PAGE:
Pros: effective use of lighting, realistic medieval depictions
Cons: boring at times, the squire threatens a woman into joining him
A knight, returned home from the crusades, plays chess with the personification of Death to give himself time to find out if God is real. On his way home he passes through villages terrified of the plague.
This is a black and white film that looks absolutely stunning. Bergman made great use of light and darkness to create different atmospheres during the film. The scene with the flagellants is disturbing, while scenes with the actors Jof and Mia are full of hope and love. I loved Death’s design, the white face with a black cape and gloves. It evokes a skull without the gothic overtones and thus avoids feeling overdramatic. Instead, the human face seems terrifying, as we see throughout the film how humans treat each other in the face of death.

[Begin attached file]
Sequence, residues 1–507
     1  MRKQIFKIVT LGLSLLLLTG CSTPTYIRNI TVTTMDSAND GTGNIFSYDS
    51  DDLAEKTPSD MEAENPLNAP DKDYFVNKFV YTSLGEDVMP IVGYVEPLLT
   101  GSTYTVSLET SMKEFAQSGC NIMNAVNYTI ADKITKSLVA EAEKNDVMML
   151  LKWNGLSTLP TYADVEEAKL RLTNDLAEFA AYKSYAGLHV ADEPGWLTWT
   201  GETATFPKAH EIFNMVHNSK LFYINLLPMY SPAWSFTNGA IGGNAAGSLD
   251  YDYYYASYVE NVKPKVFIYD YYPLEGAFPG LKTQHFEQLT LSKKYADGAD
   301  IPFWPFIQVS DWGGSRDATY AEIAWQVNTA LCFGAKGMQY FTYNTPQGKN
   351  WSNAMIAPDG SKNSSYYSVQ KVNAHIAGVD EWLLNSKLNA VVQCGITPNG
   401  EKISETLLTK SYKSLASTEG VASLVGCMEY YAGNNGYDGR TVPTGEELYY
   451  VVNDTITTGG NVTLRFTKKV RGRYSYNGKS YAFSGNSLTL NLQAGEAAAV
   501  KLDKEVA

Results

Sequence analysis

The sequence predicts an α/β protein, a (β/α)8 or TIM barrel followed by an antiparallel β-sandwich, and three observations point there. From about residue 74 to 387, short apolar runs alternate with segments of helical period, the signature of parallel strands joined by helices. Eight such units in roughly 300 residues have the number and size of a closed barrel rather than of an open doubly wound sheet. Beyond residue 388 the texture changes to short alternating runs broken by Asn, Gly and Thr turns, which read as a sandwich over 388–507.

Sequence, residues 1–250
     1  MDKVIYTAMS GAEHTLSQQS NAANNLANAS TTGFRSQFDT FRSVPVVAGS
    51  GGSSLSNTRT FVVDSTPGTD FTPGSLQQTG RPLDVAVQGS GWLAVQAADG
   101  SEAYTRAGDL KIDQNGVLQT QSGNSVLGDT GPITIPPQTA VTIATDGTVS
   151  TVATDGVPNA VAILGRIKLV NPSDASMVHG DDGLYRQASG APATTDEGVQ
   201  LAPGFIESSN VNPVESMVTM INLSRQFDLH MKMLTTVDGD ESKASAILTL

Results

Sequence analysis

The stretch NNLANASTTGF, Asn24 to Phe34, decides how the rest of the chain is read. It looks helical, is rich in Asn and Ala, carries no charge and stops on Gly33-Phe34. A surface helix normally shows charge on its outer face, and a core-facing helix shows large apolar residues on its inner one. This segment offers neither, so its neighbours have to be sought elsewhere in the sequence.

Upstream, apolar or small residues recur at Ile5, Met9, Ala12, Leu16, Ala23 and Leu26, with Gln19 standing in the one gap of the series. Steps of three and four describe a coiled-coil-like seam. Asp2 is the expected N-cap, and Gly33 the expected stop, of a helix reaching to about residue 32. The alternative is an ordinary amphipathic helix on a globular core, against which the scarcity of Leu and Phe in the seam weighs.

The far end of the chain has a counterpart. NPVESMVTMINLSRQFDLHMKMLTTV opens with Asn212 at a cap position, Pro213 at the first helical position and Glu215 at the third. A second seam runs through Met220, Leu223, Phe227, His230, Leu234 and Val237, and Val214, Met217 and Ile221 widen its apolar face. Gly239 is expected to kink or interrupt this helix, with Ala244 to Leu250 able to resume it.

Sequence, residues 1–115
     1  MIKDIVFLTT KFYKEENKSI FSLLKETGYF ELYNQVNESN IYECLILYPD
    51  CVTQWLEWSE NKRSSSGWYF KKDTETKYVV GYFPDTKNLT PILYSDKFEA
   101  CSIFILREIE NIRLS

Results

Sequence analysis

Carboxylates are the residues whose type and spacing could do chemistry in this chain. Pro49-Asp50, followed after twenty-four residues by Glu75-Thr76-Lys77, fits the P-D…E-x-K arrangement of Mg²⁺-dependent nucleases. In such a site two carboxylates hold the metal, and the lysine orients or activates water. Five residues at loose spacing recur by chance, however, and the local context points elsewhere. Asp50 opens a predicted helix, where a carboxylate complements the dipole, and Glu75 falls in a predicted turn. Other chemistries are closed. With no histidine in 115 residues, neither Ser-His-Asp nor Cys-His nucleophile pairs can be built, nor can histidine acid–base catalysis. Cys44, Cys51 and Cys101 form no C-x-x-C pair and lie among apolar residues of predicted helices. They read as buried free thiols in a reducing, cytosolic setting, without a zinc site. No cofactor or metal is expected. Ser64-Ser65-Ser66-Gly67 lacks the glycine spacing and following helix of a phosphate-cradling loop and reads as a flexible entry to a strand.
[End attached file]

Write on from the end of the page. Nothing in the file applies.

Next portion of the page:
The acting was quite good, and the costumes looked amazing. I’d argue the historical accuracy of this film is better than most of what’s made nowadays, despite our better understanding of the medieval period.
For the most part I liked the squire, but there’s one scene where he helps a woman and then basically forces her to come with him because he ‘saved her life’. That’s not to say it isn’t a realistic scene, it just made me like the squire a whole lot less.
The opening is a bit slow and a few parts seemed to meander, but on the whole it was a good movie.